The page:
News / Calgary

Calgarian's video game addiction work gets nod from CAMH

Cam Adair has been named one of 150 Leading Canadians for Mental Health.

Cam Adair struggled with video game addiction, causing him to drop out of school.

contributed / Metro Web Upload

Cam Adair struggled with video game addiction, causing him to drop out of school.

Calgarian Cam Adair is being recognized by the Centre for Addiction and Mental Health for his work in the area of video game addiction.

Adair struggled with video game addiction himself in his youth. More than two years ago, he used his own experience overcoming the addiction to form Game Quitters: a resource network for others who struggle with the same problem.

The website offers a community to help others around the world with their addiction, and a 90-day detox plan.

For his work through Game Quitters, Adair has been selected by CAMH as one of 150 Leading Canadians for Mental Health.

“We have made significant strides on mental health and while there’s still a long way to go, there is great reason for optimism and hope,” said Louise Bradley, CEO of the Mental Health Commission of Canada and co-chair of nominations, in a statement.

“The people from across Canada that will be recognized through this project are symbols of that hope, each influencing change in their own way.”

CAMH themselves released a study last year, focused on Ontario school kids, that said 12 per cent of students have video gaming problems. This can mean playing video games to the point where it’s affecting grades, social life and quality of life.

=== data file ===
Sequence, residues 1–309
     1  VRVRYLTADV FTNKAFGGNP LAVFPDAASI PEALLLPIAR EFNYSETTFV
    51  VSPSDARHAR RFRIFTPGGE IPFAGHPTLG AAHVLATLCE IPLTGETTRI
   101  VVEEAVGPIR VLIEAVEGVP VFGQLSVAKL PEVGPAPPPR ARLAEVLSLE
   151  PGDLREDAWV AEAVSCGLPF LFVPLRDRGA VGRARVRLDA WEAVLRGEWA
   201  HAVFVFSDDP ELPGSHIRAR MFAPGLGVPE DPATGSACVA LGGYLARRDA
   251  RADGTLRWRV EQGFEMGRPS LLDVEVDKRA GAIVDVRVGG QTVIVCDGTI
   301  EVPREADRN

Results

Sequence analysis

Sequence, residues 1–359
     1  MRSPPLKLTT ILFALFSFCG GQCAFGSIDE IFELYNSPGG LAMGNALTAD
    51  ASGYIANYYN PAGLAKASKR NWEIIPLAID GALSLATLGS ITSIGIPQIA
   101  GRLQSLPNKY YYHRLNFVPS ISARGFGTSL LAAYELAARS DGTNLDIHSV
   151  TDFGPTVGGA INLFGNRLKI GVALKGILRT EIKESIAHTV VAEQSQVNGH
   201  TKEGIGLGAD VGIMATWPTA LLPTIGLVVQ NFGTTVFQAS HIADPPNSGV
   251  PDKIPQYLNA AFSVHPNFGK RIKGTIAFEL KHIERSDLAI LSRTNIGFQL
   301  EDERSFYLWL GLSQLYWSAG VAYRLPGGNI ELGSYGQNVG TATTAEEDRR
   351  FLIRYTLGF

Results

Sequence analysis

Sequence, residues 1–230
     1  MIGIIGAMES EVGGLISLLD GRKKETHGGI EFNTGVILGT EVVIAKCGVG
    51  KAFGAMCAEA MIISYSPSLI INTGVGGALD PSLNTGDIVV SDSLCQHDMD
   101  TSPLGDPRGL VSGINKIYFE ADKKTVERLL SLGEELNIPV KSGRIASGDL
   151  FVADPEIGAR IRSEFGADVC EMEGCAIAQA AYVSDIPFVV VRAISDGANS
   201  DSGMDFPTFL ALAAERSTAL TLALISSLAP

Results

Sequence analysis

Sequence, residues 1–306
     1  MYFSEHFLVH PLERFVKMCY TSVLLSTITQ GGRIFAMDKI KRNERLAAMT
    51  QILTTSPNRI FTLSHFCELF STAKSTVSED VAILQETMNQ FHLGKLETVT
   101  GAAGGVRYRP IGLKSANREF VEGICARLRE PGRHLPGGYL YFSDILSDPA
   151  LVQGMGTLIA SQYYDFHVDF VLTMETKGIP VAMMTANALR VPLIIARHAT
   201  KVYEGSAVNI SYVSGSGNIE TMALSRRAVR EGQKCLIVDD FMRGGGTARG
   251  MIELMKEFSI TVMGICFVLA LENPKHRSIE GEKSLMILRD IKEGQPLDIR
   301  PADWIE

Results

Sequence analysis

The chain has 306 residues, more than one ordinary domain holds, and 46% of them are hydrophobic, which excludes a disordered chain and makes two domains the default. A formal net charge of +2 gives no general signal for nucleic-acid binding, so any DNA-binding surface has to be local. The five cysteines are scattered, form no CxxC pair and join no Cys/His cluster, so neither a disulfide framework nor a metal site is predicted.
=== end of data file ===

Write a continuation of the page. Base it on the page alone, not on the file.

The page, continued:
In the last eight months alone, Game Quitters has doubled its user base, with more than 50,000 people signed up for the website. Adair said the organization mostly draws college students, but has resources for all.

What’s important to identify is that it’s not about making video games look inherently harmful.

“It’s really important that we move on from the debate whether video games are good or bad,” he explained.

“There are people playing who are fine and people playing who are not fine. Being able to identify who those people are who are at risk and struggling, maybe failing out of class or experiencing a negative impact of some kind, how can we reach them?”

In fact, video games can provide a positive impact for some.

Unfortunately, in situations where it creates a negative outcome, Adair feels there isn’t enough information in place to help people, especially students.

Going forward, he hopes to bring the conversation around video game addiction into schools.

More on Metronews.ca